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Our doctor looks at your pregnancy problems and gives you all the tips and advice that you need

Which sleeping position is best?

You ask to be induced if you go overdue

Q: I’m 21 weeks pregnant and confused about when to stop sleeping on my back. I’ve been told that sleeping on your left side is better for blood and oxygen flow to the placenta. Is the position you sleep in really that important?

A: The issue about sleeping on your back revolves around the pressure the baby growing in your uterus is putting on the blood vessels that run around the front of your spine. Too much pressure can reduce the flow of blood back to your heart, and may cause a drop in your blood pressure. For most women this isn’t a problem, since they have extra blood vessels that allow the blood to flow freely back to the heart. But for a minority of women it can cause problems after 28 weeks.


One way to see if you’re affected by this is to lie on your back on the floor and see whether you feel light headed. If not, then it’s probably fine to sleep on your back. But if you do feel a bit light headed it is better to sleep on your side – the advantage being that the blood flowing from the placenta, and from your lower limbs, can come back to your heart very easily, allowing your blood to circulate through your lungs and return to the uterus and the placenta.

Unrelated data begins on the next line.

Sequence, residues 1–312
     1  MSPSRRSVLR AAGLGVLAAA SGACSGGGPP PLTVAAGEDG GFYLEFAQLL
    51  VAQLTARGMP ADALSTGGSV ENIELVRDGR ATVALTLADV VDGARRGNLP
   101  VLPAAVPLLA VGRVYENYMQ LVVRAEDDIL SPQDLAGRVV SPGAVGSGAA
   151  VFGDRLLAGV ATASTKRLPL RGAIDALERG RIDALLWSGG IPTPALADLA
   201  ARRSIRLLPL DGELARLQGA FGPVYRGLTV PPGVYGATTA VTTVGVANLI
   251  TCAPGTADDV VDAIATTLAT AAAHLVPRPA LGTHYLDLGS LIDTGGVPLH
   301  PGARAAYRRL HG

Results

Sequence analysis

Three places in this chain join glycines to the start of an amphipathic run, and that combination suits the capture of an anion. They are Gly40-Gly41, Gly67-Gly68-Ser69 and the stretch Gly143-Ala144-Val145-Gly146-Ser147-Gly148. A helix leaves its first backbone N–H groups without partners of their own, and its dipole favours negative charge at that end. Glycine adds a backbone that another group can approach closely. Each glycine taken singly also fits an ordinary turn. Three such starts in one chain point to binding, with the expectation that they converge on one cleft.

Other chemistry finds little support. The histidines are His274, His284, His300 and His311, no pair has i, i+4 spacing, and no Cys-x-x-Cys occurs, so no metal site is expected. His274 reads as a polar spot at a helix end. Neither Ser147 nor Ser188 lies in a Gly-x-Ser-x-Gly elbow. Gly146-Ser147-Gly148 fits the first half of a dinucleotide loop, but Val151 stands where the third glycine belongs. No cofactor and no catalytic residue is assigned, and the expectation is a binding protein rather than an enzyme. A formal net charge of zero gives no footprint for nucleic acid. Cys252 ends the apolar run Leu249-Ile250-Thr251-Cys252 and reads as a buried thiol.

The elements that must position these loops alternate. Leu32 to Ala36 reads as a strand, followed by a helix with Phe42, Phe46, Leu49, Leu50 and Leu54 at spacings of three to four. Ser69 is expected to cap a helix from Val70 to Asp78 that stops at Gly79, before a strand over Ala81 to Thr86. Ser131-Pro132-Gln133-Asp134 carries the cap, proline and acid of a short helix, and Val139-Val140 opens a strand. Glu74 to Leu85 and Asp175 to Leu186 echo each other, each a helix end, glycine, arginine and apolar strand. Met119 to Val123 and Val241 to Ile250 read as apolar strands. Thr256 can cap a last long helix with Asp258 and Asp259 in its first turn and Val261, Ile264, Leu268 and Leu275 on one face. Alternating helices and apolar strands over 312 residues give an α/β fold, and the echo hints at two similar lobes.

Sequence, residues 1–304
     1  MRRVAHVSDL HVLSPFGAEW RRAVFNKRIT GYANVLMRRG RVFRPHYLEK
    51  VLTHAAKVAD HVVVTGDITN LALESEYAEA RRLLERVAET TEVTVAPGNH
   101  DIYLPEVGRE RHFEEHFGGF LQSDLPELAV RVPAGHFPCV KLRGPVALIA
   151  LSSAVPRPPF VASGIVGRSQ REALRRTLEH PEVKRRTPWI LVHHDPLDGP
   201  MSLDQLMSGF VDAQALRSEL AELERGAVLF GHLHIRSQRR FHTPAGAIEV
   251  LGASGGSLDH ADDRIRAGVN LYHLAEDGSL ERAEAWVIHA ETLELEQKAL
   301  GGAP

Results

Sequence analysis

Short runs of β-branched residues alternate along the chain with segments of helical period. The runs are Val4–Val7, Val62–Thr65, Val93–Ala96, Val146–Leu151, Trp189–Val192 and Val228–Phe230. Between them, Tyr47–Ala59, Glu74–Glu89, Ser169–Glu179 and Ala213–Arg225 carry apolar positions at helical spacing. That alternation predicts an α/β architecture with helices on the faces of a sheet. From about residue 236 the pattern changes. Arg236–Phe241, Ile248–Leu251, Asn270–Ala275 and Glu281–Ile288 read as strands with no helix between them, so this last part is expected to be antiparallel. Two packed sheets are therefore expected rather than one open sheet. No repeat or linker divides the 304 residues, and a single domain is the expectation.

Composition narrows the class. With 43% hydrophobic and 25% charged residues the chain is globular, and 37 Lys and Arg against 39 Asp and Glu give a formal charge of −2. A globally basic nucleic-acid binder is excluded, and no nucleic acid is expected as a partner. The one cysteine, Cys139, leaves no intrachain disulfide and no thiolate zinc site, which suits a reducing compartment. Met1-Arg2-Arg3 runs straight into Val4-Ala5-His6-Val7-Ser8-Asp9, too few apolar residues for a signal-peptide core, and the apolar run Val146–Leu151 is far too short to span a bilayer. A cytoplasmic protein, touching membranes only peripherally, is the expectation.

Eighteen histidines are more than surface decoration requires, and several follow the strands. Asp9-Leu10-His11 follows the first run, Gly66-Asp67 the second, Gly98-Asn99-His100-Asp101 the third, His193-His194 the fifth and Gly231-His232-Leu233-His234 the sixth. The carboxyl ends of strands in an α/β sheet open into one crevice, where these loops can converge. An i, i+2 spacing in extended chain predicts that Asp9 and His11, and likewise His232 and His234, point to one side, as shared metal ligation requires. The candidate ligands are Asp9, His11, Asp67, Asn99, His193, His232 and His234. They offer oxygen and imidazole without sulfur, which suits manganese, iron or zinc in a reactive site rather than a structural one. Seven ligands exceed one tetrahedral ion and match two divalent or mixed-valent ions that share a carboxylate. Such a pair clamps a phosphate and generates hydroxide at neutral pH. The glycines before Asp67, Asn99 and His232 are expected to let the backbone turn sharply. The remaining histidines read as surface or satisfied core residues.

But please don’t worry too much about this. Remember that during sleep everybody turns in bed and so it’s common for many pregnant women to lie on their backs at some time during the night with no adverse effect on the baby.

Q: My first child was born 8 years ago. I am now 23, and expecting my second child. Will labour be easier this time?

A: Although there is no way of knowing for certain what will happen on the day, on balance it is most probable that your second baby will be born more easily than the first. Usually the cervix opens and dilates more rapidly, so the first stage is faster, as the second stage as your baby descends may be easier too. If your second baby is considerably bigger than your first, or is in an awkward position, these generalisations may not apply. Your labour will also be affected by how you feel. Emotionally you may feel very different than you did when you were 15. Physically you may feel stronger and more confident.

Second births are often influenced by prior experience so if your first labour was not straightforward, or if it was frightening or traumatic, you may be nervous this time around. It may help to talk through your first experience with your midwife and other supporters, including your partner. If you feel comfortable where you are giving birth and are supported by people who you trust, labour is more likely to go smoothly.

Q: I’m 11 weeks pregnant with my third child and am worried because my first two were 8.5 lbs and 10.5 lbs and I was induced at 5 and 10 days late respectively. I’ve found out my local hospital allows you to go 15 days overdue. Do you think I’ll be late again and will they allow me to be induced early to prevent at extra large baby?

A: During this pregnancy please ensure that between 25 and 30 weeks you have a glucose test for latent diabetes. Large babies may result from the mother having diabetes.